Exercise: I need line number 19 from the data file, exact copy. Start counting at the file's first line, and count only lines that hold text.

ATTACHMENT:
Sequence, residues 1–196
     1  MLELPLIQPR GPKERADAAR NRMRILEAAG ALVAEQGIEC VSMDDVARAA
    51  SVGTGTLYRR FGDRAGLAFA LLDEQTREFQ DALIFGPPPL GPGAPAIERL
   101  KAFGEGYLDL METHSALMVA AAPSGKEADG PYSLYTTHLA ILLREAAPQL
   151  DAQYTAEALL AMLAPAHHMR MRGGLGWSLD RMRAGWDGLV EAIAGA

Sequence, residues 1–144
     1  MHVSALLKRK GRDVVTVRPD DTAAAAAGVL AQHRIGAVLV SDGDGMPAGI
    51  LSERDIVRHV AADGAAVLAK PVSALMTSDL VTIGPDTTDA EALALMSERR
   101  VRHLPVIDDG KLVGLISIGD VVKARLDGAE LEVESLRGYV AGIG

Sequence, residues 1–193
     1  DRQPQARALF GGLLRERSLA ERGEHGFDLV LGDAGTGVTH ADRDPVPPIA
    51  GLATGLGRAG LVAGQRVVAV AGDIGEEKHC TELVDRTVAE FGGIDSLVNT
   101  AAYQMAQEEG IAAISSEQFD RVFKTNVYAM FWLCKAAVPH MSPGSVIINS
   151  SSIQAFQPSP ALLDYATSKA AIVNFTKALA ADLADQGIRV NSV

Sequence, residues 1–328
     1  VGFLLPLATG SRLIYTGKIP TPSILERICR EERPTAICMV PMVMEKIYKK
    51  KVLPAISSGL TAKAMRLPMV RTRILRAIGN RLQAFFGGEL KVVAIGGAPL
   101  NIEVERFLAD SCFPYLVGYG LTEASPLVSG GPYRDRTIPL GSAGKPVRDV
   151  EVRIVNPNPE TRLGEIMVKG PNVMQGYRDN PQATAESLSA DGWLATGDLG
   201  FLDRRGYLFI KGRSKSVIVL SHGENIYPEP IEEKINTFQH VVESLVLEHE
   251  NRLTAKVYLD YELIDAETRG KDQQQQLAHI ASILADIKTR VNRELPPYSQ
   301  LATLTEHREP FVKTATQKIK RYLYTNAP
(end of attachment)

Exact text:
   151  EVRIVNPNPE TRLGEIMVKG PNVMQGYRDN PQATAESLSA DGWLATGDLG